The Arctic Ocean in a Fresh and Warm Future
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- Geophysical Institute 
The Arctic Ocean remains one of the least known ocean regions due to its remote location, year-round sea ice cover, and harsh weather conditions. Today, knowledge of the Arctic atmosphere-sea ice-ocean system increases in parallel with the need to understand this changing environment under anthropogenic greenhouse warming. Indeed, the Arctic is an area where the effects of anthropogenic greenhouse warming are already visible and among the strongest on Earth; the atmosphere and the ocean are warming, the sea ice cover is diminishing, and the freshwater input to the ocean through river inflow, precipitation, and ice melt is increasing. It is this rapidly changing, but poorly understood, Arctic climate system that motivates us to study its fate in a fresh and warm future. Our objective is to assess how the ocean circulation, the ocean heat content, and the ice cover respond to increasing freshwater input and overall greenhouse warming. We also ask whether changes in the ocean affect the atmosphere, i.e., is the atmospheric surface warming modified by the changing ocean? We choose to seek answers to these questions with a hierarchy of model simulations. We focus on the North Atlantic-Arctic sector and examine changes in the ocean circulation and ocean heat content under greenhouse warming. We use idealized model simulations to assess changes in freshwater forcing, and global climate model simulations to examine the changing ocean heat budget. With this hierarchy of models we build a comprehensive understanding of the changing high latitude climate system and compile this dissertation around three main scientific findings. First, we increase the Arctic river runoff in an idealized column model which represents the large scale average conditions of the Arctic ocean-sea ice-atmosphere system. A larger Arctic river runoff leads to a new equilibrium with a fresher surface and a warmer subsurface. Interestingly, even though the fresher surface leads to larger vertical density differences and suppresses vertical mixing, the vertical heat flux towards the surface remains close to constant. This is because stronger density and temperature differences balance the heat flux: even a relatively small amount of warm water carries a relatively large amount of heat. As a result changes in the sea ice thickness remain small. Second, we extend our focus to larger scales and increase river runoff in a global ocean-sea ice model. Again, we find a fresher surface and a warmer subsurface Arctic Ocean as a response to increasing Arctic river runoff. The model also simulates a slightly weaker flow of water between the Arctic Ocean and its surrounding ocean basins. However, the heat exchanges between the central Arctic Ocean and the lower latitude oceans remain relatively constant. In a wider North Atlantic perspective, the subpolar North Atlantic shows an opposite response to the Arctic Ocean. The river runoff that enters the Arctic Ocean flows south along the coasts of Greenland and through the Canadian Arctic Archipelago and mixes into the subpolar North Atlantic. The additional freshwater weakens the large scale horizontal and vertical density differences and the ocean flow that depends on these density differences. The weaker ocean circulation brings less warm waters to the subpolar North Atlantic and the ocean cools as a result. Third, we find that, as the ocean heat content increases under greenhouse warming, the rate of the increase only weakly depends on the latitude in climate models. Only the Arctic Ocean, the northern part of the Southern Ocean, and the mid-latitude North Atlantic are warming slightly faster than the global average. We find that this stronger warming is associated with changes in the surface heat fluxes between the atmosphere and the ocean. In contrast, the subpolar North Atlantic is warming slightly slower than the global average because of the weaker ocean circulation that transports less warm waters towards the north. In summary, under greenhouse warming the high latitude ocean freshens and warms. Freshening at northern high latitudes acts to weaken the vertical heat exchanges between surface and subsurface waters which warms the Arctic Ocean. However, freshening in the north also acts to slow down the ocean circulation in the subpolar North Atlantic which reduces the northward ocean heat transport and cools the ocean there. Greenhouse warming leads to ocean warming and most of the small differences in the rate of ocean warming from latitude to latitude can be explained by changes in surface heat fluxes.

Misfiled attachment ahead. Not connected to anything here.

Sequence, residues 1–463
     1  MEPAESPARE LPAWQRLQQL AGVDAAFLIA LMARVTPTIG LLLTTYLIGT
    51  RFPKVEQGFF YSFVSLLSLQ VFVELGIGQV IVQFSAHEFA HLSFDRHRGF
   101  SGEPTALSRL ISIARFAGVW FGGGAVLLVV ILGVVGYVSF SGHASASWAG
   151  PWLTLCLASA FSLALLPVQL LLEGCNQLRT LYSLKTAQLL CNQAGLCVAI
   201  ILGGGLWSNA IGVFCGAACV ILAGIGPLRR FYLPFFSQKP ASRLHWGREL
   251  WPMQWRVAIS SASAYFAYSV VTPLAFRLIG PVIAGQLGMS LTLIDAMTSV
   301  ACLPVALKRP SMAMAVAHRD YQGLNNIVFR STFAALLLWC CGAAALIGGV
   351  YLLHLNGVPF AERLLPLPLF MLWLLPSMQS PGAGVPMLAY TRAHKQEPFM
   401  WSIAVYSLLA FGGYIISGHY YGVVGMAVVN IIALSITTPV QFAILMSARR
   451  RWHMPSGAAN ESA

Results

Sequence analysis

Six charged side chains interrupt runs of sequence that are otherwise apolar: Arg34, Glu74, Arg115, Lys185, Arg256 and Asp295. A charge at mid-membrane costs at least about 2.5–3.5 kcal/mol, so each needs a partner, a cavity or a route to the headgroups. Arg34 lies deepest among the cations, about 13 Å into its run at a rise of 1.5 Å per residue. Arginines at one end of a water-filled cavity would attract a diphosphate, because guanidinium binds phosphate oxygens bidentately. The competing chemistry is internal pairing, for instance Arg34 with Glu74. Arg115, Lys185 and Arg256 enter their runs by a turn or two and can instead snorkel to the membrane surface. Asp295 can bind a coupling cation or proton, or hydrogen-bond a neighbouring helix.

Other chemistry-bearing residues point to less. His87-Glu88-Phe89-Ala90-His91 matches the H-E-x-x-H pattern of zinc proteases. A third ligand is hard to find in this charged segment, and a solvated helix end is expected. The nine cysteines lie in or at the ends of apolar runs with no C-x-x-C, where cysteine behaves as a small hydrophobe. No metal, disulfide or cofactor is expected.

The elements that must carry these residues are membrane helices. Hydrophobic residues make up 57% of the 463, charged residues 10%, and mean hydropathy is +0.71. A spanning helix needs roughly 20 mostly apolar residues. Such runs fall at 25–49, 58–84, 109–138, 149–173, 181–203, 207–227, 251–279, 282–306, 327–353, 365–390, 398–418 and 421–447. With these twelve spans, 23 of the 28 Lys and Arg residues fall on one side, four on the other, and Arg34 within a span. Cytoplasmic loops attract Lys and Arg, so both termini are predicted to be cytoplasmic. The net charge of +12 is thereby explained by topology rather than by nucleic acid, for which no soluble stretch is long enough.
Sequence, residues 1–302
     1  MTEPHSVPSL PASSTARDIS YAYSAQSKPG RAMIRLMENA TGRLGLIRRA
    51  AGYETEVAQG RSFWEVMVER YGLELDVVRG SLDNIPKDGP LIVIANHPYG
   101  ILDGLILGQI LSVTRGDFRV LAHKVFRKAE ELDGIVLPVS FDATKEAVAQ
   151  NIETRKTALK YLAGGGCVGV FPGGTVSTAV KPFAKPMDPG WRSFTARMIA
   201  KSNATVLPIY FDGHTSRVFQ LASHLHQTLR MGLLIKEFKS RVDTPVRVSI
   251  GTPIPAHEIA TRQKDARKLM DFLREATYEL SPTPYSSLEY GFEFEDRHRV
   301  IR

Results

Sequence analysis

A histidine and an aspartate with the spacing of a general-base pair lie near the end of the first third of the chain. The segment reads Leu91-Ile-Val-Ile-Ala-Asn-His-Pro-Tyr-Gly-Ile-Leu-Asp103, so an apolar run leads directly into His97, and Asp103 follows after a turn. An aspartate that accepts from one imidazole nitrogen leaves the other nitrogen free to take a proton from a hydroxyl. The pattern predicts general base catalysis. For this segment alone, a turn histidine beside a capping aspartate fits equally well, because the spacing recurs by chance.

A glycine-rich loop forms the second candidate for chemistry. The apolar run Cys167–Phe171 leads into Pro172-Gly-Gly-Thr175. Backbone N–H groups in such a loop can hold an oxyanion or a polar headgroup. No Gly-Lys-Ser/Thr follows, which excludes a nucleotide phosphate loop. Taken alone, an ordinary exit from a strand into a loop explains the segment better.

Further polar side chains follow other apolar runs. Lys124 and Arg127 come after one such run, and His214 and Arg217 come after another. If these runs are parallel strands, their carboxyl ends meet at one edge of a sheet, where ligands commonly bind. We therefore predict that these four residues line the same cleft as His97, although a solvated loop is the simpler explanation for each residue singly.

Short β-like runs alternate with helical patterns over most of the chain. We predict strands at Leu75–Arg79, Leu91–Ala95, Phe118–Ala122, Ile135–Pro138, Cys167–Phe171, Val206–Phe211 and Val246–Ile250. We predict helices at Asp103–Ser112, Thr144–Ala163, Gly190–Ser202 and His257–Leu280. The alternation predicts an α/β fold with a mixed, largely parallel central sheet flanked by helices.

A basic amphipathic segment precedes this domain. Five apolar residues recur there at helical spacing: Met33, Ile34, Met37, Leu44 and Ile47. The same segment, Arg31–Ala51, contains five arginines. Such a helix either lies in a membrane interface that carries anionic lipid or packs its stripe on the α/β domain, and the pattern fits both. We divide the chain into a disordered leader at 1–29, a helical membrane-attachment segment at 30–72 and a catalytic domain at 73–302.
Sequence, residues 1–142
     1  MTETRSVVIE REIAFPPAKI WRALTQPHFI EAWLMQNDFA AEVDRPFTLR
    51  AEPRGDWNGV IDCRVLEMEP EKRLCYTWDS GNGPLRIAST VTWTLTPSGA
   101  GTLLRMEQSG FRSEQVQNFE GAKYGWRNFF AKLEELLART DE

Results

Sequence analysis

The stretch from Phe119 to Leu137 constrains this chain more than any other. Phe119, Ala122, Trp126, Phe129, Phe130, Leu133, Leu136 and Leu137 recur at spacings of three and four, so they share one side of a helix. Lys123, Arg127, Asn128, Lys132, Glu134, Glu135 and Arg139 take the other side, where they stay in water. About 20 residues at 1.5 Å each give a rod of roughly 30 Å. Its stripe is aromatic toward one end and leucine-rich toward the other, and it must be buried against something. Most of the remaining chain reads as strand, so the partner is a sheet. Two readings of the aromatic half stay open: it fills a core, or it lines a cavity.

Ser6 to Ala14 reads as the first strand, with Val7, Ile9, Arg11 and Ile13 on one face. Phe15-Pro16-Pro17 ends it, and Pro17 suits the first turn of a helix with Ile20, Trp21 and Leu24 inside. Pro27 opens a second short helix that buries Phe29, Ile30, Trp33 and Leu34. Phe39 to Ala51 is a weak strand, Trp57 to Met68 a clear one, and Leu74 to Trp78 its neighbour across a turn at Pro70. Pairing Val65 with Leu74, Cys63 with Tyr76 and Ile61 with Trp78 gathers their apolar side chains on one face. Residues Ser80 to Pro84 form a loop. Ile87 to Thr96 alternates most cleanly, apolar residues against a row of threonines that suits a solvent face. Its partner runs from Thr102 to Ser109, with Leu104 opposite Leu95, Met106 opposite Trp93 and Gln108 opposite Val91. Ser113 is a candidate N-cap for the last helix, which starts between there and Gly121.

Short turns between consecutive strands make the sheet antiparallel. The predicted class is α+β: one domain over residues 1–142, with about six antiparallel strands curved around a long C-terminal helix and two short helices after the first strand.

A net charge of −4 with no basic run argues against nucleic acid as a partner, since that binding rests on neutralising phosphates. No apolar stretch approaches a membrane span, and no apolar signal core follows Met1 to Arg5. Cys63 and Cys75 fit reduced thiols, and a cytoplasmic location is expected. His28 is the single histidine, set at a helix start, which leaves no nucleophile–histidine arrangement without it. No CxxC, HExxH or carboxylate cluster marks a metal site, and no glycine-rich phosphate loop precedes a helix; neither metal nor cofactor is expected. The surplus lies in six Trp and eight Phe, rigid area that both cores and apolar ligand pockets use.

Has partsPaper 1: Nummelin A., C. Li, and L. H. Smedsrud (2015) Response of Arctic Ocean stratification to changing river runoff in a column model, J. Geophys. Res. Oceans, 120, 2655–2675. The article is available at: http://hdl.handle.net/1956/11603
Paper 2: Nummelin A., M. Ilicak, C. Li, and L. H. Smedsrud (2016), Consequences of future increased Arctic runoff on Arctic Ocean stratification, circulation, and sea ice cover, J. Geophys. Res. Oceans, 121, 617–637. The article is available at: http://hdl.handle.net/1956/13049
Paper 3: Nummelin A., C. Li, and P. Hezel, Connecting ocean heat transport changes from the mid-latitudes to the Arctic Ocean. The article is not available in BORA.